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Tuesday, Feb. 3, 2009 at 8:54 am

An Analyst’s Wishes for Wish Lists (Say 3 Times Fast)

By Brendan Regan
February 3rd, 2009

This post is for anyone who’s using some sort of “Wish List” feature to encourage visitors to save something for (hopefully) later purchase.

This feature has become ubiquitous, probably due in part to the “Let’s Copy Amazon.com Syndrome.” I encounter it on nearly every “first date” I go on with a website.

I agree with the concept of saving items pre-purchase.  It’s a great micro-conversion to start measuring and optimizing.  It’s a natural step for Early Stage or Middle Stage buyers.  And for more complex or high-dollar purchases, it’s a way to store an item until consensus can be built.

But every time I try to use one, I disagree with the execution of it, the positioning of it, and the requirements put in front of it as a barrier.  It all adds up to a lousy customer experience and lack of adoption for a feature you’re paying for.  I think our poor implementations of Wish Lists Internet-wide are actually training shoppers to mis-use the Shopping Cart feature!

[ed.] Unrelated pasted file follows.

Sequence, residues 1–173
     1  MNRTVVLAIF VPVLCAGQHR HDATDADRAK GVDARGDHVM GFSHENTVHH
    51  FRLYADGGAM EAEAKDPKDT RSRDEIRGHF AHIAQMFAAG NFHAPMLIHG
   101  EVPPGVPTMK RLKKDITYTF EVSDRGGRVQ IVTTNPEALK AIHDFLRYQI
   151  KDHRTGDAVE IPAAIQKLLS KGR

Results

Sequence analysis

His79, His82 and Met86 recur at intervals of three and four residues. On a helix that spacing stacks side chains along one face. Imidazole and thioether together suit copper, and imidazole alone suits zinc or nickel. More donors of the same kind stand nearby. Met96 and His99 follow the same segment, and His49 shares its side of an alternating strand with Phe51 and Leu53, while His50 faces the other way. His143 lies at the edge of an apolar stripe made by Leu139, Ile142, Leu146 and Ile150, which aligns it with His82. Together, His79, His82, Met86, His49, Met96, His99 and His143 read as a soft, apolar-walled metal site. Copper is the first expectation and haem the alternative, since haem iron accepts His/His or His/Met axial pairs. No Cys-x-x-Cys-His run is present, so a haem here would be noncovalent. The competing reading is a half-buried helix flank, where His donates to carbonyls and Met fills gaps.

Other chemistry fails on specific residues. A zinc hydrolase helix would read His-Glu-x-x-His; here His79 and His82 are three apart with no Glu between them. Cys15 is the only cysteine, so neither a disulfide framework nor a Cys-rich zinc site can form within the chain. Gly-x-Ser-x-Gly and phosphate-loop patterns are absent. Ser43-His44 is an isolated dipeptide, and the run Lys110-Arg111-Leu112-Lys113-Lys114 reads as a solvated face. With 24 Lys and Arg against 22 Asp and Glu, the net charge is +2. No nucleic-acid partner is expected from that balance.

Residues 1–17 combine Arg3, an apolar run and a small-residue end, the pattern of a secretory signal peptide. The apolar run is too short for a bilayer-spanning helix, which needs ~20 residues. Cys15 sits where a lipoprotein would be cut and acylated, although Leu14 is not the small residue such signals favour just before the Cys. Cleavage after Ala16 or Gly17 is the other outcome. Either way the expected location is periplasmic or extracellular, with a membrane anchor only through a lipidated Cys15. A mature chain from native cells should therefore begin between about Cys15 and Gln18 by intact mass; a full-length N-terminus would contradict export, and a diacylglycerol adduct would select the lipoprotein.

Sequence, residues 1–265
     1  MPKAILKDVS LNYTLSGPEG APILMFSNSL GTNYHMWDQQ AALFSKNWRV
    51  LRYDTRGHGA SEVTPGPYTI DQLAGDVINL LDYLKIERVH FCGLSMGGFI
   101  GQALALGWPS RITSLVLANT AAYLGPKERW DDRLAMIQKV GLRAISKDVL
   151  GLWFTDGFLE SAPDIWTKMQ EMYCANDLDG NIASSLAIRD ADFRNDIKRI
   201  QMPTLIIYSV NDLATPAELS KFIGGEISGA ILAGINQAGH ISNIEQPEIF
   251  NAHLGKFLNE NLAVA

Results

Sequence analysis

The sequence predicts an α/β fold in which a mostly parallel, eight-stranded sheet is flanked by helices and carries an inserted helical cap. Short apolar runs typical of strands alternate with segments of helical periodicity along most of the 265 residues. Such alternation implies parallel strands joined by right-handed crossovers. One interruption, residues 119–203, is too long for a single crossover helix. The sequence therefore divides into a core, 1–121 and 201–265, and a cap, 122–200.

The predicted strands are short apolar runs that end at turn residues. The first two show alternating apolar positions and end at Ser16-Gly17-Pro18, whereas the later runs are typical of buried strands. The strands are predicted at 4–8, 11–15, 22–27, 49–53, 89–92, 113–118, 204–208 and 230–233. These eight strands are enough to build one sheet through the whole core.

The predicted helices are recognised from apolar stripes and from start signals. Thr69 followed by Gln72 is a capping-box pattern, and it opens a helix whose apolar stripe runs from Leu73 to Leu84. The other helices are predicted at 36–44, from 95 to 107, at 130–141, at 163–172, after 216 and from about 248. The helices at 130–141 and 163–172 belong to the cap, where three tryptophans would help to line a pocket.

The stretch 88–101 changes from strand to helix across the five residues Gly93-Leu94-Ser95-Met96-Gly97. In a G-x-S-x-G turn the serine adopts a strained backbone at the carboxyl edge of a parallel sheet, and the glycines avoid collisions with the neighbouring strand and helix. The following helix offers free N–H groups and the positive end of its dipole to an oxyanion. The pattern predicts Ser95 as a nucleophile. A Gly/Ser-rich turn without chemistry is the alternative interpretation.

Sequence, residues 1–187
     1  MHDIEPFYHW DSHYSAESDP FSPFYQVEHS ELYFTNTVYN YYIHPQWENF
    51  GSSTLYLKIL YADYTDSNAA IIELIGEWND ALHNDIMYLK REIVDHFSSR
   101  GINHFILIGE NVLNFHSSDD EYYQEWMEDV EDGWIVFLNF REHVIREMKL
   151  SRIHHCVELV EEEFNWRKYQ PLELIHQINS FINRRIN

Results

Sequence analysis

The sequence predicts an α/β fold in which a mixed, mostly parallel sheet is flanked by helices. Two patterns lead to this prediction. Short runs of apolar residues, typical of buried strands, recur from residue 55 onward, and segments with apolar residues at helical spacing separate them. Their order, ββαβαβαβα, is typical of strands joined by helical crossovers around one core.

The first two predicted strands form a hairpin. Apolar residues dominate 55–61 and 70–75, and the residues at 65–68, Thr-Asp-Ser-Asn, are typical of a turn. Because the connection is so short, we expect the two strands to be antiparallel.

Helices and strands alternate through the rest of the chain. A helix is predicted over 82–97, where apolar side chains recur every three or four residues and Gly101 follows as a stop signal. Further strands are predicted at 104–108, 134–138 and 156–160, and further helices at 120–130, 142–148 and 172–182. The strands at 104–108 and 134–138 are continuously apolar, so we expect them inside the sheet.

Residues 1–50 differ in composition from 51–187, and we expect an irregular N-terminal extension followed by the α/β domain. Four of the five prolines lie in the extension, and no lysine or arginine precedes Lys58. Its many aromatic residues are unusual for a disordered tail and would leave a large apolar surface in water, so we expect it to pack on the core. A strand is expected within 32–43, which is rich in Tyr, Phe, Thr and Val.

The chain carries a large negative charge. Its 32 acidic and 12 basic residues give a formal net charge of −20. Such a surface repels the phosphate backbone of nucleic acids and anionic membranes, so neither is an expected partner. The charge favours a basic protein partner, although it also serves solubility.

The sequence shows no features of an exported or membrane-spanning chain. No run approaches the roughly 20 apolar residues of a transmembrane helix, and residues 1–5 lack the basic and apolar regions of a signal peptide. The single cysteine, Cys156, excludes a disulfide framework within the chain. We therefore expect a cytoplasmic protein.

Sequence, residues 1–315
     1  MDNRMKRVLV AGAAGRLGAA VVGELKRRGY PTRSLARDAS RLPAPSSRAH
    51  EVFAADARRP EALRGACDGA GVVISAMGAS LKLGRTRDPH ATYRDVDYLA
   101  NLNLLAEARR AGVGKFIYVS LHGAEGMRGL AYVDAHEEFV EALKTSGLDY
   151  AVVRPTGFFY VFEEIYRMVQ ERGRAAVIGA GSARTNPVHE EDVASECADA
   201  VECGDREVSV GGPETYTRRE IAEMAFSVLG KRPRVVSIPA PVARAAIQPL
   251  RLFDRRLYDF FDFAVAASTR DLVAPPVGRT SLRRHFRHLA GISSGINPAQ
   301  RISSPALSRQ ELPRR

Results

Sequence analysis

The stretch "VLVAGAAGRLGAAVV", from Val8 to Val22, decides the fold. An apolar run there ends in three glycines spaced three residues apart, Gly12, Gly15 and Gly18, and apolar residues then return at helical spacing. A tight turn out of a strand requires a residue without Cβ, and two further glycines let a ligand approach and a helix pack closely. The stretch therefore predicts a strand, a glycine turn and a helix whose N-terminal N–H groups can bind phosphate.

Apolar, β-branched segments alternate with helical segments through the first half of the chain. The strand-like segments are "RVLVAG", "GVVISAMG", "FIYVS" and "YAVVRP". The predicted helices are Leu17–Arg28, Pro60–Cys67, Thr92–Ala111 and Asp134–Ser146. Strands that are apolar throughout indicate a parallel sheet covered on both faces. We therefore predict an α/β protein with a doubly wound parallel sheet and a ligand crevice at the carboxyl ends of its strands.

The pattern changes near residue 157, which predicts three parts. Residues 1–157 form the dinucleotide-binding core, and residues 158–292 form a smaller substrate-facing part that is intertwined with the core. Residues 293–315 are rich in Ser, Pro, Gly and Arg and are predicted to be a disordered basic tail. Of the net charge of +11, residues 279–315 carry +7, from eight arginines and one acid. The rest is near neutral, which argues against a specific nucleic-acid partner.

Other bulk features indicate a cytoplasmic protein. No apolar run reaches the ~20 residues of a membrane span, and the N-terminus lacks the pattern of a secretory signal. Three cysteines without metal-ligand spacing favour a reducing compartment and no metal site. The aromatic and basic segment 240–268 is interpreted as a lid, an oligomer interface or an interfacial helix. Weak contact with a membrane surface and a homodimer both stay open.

A scenario:

  1. An Early Stage buyer comes to a website to do some researching and maybe a bit of comparison shopping.
  2. On a favorite product detail page, she has several options (usually bookmark the page, email to someone, add to cart, add to wish list, etc.)
  3. She isn’t yet persuaded to make the purchase, but is well on the way.  She clicks “Add to Wish List,” which is highlighted as a secondary call to action.
  4. She’s asked to register an account (we all know what a painful interrogation that can be) or leave the shopping process to at least enter a little personal information.
  5. She balks at this request and backs out of the Wish List
  6. She knows that the Shopping Cart will save the item just as well, and because you can remove items from the cart before you checkout, can also be used as a storage or comparison function.
  7. She adds the item to the Shopping Cart.